I was pleasantly surprised to read Newsweek?s Daniel Gross offer the following assessment:

Can China get rich without becoming free?

History suggests it can’t. Until recently China, which was technologically more advanced than Europe in the middle of the last millennium, had been left behind. Historians, led by the magisterial David Landes of Harvard, have made a convincing case that the slow erosion of arbitrary authority?the Reformation, the Enlightenment, the rise of rights, constitutions, democracy?helped stoke the capitalist revolution. For the past few centuries, the developed world has been led economically by democratizing commercial empires?Britain in the 18th and 19th, and the U.S. in the 20th. Without free minds, it’s difficult to have free markets, and vice versa. Trying to develop economically while controlling the flow of information has generally been a losing bet. Either such regimes fail to grow and collapse (the Soviet bloc), or the forces of economic liberalism ultimately lead to political liberalism, as in Chile.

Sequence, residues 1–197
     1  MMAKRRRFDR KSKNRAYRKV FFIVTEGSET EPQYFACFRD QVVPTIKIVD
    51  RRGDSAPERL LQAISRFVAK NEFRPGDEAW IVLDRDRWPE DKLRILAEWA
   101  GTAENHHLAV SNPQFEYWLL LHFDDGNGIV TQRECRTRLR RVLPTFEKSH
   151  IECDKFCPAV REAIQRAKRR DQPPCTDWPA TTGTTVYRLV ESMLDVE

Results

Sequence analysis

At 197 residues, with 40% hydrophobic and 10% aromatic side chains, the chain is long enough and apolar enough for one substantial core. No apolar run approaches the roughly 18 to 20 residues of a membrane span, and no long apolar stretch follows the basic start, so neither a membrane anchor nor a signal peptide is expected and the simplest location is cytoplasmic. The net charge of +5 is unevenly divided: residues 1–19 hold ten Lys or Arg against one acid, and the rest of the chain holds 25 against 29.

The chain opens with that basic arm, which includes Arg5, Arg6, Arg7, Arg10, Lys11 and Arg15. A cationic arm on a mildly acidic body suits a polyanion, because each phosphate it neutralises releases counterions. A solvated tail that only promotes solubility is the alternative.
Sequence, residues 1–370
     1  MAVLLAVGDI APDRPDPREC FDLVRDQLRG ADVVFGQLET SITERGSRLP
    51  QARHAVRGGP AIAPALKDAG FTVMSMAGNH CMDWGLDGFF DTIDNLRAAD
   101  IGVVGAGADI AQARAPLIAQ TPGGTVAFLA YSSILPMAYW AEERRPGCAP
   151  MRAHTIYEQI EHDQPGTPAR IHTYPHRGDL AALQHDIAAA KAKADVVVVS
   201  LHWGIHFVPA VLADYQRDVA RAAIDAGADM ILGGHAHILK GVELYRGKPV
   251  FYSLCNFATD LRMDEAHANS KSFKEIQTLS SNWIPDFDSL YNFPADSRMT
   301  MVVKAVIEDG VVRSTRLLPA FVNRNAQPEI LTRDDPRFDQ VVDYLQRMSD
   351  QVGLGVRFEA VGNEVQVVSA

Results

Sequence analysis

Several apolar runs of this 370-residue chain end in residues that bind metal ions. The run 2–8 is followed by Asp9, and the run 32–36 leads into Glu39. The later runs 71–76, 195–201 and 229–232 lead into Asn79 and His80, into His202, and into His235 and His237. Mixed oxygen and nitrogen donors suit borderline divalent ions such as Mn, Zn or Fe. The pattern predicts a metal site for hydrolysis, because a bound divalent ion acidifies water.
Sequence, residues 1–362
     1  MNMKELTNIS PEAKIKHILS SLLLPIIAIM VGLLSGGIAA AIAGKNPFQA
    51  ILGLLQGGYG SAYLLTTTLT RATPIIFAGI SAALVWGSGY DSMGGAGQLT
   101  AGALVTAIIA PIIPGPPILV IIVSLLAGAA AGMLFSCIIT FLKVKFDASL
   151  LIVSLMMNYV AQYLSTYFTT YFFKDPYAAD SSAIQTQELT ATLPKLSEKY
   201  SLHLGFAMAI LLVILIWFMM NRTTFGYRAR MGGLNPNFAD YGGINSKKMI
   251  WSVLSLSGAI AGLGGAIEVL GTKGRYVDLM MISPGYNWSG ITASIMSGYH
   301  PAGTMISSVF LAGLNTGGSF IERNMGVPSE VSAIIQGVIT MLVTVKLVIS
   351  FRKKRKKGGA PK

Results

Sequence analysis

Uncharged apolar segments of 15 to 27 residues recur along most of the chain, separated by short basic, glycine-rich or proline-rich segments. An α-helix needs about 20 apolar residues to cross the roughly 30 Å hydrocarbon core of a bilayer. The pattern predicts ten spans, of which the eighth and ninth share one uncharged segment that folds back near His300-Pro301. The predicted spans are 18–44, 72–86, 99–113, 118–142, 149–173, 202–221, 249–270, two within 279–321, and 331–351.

Why the surprise? Gross does not necessarily have a great track record for spotting economic wisdom.